July 28, 2014


Only Blue States Need Apply : Courts could allow a system in which Obamacare only exists in part of the country. (Eric Schnurer, July 28, 2014, US News)

When the law was enacted, it was anticipated that all states would create such exchanges. After all, why wouldn't they? These were a cornerstone of the act, and, unlike the mandate and Medicaid expansion, quite uncontroversial. In fact, when Democrats like to point to the core of Obamacare being based on a conservative think tank's idea that Mitt Romney then implemented in Massachusetts, this is what they're talking about. Rather than setting up government-run or government-provided health insurance, such a system creates a free market of private providers, competing against each other, with the government providing merely the "marketplace" (here virtual) and standards for the competition, as governments have done in creating markets across the world for most of recorded history.

But a funny thing happened on the way to making health insurance affordable for every American: Republicans decided to offer massive resistance to any and every provision of Obamacare, including those that were, essentially, Republican. These exchanges, unlike the employer and individual mandates that became the catalyst for a libertarian resurgence, involve voluntary participation. And unlike the Medicaid expansion, they are aimed not at near-poor Americans but the middle class. In fact, everyone, even the wealthiest, can use the exchanges to shop for the best deal on insurance, although the most likely users are those forced into the individual market because their employers don't offer group plans. Voluntary, market-based, competition-enhancing, purely private, middle-class-oriented, Republican-designed - what's not to like? Well, basically, that they're part of Obamacare.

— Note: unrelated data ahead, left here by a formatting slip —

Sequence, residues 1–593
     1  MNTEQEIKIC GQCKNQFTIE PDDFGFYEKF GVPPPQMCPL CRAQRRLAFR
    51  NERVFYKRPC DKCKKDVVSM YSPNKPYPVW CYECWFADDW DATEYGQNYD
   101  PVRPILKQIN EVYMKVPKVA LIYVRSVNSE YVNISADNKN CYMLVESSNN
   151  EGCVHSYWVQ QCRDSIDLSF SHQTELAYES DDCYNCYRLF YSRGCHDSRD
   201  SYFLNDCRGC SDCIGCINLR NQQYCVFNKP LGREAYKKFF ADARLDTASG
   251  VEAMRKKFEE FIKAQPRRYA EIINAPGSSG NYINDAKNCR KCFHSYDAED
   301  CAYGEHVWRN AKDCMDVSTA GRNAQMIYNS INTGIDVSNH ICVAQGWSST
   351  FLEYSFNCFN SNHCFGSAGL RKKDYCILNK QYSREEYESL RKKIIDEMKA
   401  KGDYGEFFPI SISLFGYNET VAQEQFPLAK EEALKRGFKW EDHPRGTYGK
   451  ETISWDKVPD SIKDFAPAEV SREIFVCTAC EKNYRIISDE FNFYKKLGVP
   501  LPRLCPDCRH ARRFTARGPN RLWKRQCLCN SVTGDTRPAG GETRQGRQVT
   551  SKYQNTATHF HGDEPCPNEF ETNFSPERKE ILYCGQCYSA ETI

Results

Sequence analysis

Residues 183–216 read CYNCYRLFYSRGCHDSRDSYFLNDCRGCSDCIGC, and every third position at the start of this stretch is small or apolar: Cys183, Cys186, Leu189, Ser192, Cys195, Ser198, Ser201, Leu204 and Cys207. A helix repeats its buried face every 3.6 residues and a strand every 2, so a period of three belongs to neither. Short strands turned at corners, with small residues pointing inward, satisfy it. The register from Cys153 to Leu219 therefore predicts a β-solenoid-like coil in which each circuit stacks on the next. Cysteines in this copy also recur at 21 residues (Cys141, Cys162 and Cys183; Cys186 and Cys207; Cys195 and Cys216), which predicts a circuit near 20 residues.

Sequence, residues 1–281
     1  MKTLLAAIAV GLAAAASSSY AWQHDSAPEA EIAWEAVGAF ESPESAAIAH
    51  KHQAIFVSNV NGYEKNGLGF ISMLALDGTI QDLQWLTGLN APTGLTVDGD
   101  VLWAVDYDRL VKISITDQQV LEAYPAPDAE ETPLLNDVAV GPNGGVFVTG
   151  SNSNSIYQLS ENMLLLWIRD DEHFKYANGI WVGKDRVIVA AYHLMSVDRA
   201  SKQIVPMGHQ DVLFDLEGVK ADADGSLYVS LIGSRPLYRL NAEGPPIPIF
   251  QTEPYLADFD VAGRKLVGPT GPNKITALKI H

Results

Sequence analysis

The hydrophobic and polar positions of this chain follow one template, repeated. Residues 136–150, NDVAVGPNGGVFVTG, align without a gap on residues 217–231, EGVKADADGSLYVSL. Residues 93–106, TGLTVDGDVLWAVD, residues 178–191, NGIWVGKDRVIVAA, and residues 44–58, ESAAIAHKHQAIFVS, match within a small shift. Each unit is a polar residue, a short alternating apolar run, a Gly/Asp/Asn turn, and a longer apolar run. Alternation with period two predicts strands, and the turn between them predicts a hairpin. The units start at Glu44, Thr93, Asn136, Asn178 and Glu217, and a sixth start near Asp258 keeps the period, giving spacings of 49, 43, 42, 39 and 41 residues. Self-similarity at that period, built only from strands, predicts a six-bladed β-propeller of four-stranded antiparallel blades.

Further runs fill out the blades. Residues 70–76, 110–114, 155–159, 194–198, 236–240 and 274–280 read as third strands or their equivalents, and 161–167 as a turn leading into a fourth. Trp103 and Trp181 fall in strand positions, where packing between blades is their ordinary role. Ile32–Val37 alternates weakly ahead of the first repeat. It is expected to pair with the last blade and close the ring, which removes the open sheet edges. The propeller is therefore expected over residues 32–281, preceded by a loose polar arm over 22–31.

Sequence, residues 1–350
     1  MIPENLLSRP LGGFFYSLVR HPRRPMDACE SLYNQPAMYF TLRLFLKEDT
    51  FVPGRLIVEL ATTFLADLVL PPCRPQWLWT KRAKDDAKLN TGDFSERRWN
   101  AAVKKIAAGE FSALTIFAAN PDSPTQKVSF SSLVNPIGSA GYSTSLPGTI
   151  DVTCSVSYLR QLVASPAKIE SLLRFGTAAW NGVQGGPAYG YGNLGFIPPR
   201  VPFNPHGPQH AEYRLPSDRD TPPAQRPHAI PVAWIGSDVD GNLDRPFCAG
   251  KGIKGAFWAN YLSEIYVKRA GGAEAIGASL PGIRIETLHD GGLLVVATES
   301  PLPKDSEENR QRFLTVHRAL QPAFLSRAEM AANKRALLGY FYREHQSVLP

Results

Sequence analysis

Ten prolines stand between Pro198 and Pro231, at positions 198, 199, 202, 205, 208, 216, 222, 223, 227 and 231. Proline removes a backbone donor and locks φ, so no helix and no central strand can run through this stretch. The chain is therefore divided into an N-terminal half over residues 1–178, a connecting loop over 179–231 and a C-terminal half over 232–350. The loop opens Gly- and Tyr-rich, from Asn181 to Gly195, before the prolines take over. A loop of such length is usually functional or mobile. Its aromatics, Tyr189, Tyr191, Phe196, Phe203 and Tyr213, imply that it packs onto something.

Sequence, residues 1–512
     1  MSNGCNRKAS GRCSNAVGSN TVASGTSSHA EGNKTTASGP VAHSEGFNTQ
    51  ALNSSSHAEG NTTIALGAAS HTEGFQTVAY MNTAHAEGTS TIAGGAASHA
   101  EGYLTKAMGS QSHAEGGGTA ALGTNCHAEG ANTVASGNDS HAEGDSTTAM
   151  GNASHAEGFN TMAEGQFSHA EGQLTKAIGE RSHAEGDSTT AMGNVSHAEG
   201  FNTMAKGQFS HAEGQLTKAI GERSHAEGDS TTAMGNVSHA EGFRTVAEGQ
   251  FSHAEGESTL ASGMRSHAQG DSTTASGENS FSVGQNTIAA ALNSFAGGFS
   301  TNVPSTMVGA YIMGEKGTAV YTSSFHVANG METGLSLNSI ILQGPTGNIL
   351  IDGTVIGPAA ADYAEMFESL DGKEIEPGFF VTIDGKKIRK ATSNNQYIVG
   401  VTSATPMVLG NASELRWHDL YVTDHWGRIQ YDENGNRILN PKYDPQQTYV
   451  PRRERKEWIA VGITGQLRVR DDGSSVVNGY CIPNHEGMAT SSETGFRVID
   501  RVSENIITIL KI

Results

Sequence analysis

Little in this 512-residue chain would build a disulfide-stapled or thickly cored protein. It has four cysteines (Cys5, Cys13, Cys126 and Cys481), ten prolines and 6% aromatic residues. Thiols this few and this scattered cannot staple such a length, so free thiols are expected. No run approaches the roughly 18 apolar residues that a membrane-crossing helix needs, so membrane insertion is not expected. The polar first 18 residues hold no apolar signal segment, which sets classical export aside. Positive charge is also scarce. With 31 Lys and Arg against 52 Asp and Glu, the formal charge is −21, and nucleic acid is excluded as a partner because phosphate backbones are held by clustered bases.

About one-third of states - largely those under Democratic control, in the Northeast or along the West Coast - elected to set up such exchanges, and another half-dozen (not coincidentally, the group next-most-likely to go Democratic in a presidential election) worked with the feds in doing so. But half the country - you can guess which half - refused to participate in construction of an exchange at all. The effect under the law was to leave this task to the federal government.

Most of the refusenik states also have rejected Obamacare's expansion of Medicaid to cover the near-poor rather than just the dire poor. Under the law as enacted, this was not an option: Medicaid expansion was mandatory, unless a state didn't want to take any Medicaid dollars (which all do). But the U.S. Supreme Court, in upholding Obamacare two summers ago, rewrote it (you know, what Speaker John Boehner now wants the Supreme Court to declare unconstitutional when Obama does it) to allow states to opt out of that, too. Near-poor in these states now can't get Medicaid coverage, but they also aren't eligible for the subsidies to make insurance affordable through the exchanges because Congress intended them to get Medicaid, not exchange-based, coverage, making them too poor for a government handout.

Small consolation to the citizenry, but letting these states keep their people poorer than the rest of us is federalism at its purest. Not that they will, States Try to Protect Health Exchanges From Court Ruling ( LOUISE RADNOFSKY
July 25, 2014, WSJ)

A number of states are scrambling to show that they--not the federal government--are or will soon be operating their insurance exchanges under the 2010 health law, in light of two court decisions this week.

The efforts are aimed at ensuring that millions of consumers who get insurance through the exchanges would be able to retain their federal tax credits if courts ultimately rule against the Obama administration. [...]
Among the 36 states, the level of federal involvement varies. That means states see gray areas to work with, if they want to, though the ultimate decision about their status would likely hinge on additional court decisions and determinations by the Obama administration.

For example, two states, Idaho and New Mexico, had intended to set up their own exchanges but turned to the federal government to handle their technology in May 2013. The Obama administration has described them as "federally supported state-based" exchanges and often issues data on their behalf, in which it groups them with the other 34 states with "federally facilitated" exchanges.

Two other states, Nevada and Oregon, are currently considered to be among the 14 "state-based" exchanges, but have had technological problems and are now looking to the U.S. to operate their technology for the coming year.

Idaho, Nevada and Oregon have issued statements in recent days saying they are state-based exchanges, regardless of who operates their technology. New Mexico didn't respond to inquiries.

Posted by at July 28, 2014 5:23 PM

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